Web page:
1 Corinthians 7:32-40
I want you to be free from anxieties. The unmarried man is anxious about the affairs of the Lord, how to please the Lord; but the married man is anxious about the affairs of the world, how to please his wife, and his interests are divided. And the unmarried woman and the virgin are anxious about the affairs of the Lord, so that they may be holy in body and spirit; but the married woman is anxious about the affairs of the world, how to please her husband. I say this for your own benefit, not to put any restraint upon you, but to promote good order and unhindered devotion to the Lord. If anyone thinks that he is not behaving properly toward his fiancee, if his passions are strong, and so it has to be, let him marry as he wishes; it is no sin. Let them marry.
But if someone stands firm in his resolve, being under no necessity but having his own desire under control, and has determined in his own mind to keep her as his fiancee, he will do well. So then, he who marries his fiancee does well; and he who refrains from marriage will do better. A wife is bound as long as her husband lives. But if the husband dies, she is free to marry anyone she wishes, only in the Lord. But in my judgment she is more blessed if she remains as she is. And I think that I too have the Spirit of God.
This portion of the letter begins with the hope, “I want you to be free from anxieties.”
To the modern reader, these words may seem almost laughable. Anxiety all too often seems to be the normal state of affairs in our culture. Anxiety about living wages, health care, finding jobs, getting a good education, terrorism, the next presidential election, keeping our kids off of drugs, gun control… and on and on the list could go. These are the very real issues that keep us anxious in our culture in 2016, and that make us wonder whether we can ever be free from anxiety.
Most of the ensuing words in Paul’s letter are not in the least helpful to me in understanding how to cope with anxiety. He goes on and on about being married or unmarried and the restraint that puts upon our commitments, and how, in his opinion, it is better to remain unmarried. Well, that was his choice; however, his argument falls flat with me today as a way to cope with anxiety, or as a way to be in relationship with God.
What he does say that inspires me is his final sentence in this passage: “I think that I too have the Spirit of God.” Amen to that for us all! We do have the Spirit of God within us. It was a gift at our birth when we drew our first breath of life. One of the things over which we have no control is our breathing. Yes, we can regulate our breathing; however the act of breathing is God’s gift of life to us at birth. It is the sign of God’s presence within us, and we are hence never without the living presence, of God intimately involved in our lives.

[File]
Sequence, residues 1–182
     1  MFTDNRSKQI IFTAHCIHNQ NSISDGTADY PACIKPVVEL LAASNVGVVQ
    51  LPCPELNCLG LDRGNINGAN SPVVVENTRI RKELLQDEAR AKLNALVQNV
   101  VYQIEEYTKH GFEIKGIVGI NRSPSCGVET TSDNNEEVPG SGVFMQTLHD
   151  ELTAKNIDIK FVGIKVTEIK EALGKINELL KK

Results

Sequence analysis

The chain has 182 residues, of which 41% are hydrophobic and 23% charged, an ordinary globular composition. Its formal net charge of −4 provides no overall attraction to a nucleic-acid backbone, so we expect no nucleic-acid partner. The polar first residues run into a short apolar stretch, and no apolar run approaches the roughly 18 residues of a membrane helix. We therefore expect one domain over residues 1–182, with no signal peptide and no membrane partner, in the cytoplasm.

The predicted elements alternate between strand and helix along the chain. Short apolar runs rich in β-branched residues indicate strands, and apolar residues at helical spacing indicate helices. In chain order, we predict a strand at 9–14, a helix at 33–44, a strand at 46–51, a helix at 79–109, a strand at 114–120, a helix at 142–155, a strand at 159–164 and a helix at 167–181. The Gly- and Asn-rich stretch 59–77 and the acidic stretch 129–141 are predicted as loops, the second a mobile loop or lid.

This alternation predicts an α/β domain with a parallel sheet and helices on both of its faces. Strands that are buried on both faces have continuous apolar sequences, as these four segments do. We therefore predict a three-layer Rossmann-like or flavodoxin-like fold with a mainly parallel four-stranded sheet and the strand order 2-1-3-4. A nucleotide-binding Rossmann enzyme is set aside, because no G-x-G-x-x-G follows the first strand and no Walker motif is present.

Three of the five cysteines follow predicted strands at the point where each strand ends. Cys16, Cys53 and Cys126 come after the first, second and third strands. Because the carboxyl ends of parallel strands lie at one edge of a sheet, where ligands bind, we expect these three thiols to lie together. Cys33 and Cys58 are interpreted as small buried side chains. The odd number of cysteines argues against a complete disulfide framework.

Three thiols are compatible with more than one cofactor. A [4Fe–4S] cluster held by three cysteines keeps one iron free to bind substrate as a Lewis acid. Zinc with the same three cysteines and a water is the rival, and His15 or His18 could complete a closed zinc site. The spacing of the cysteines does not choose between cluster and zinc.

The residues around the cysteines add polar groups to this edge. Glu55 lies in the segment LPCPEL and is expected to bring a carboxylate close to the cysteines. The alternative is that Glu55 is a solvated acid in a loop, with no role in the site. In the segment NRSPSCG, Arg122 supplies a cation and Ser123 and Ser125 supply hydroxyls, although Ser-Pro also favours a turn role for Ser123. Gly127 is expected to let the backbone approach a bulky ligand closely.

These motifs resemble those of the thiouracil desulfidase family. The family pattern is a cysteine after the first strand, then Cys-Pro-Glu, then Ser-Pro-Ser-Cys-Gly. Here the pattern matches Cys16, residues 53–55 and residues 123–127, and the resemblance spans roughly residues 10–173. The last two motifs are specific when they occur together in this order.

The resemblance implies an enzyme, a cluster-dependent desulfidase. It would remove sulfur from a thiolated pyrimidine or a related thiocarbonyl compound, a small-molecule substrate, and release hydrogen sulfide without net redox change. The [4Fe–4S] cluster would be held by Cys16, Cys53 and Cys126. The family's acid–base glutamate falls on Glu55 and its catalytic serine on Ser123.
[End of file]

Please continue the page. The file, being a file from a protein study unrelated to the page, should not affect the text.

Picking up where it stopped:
We have also been given the gift of God’s Spirit in our baptism, when we are “…sealed by the Holy Spirit, and marked as Christ’s own forever.” So, we don’t have to “think” we have the Spirit of God, we “know” that we do. Whenever we doubt it, all we have to do is to breathe with intention, concentrating on the breath, and we will feel the presence of God within.
Therefore, when anxieties overwhelm us, take a deep breath and know the Spirit of God is within. Be confident in the gift of God’s Spirit, and all of our anxieties will fall into perspective, and be seen in that context as less than essential. In that vein, not only can we cope with them, we can even triumph over them!
Thank you, God, for the gift of life; for your living, breathing presence within us. Thank you for the challenges presented to us each day to create a more just and equitable society, and to cope with the struggles created by the anxieties of this world. Guide us in seeking wisdom to make good choices and decisions. Guide us as we seek to be inclusive of the needs of others as we choose the necessities for our own living. With you centered in all we say and do, may we praise and glorify your name. Amen.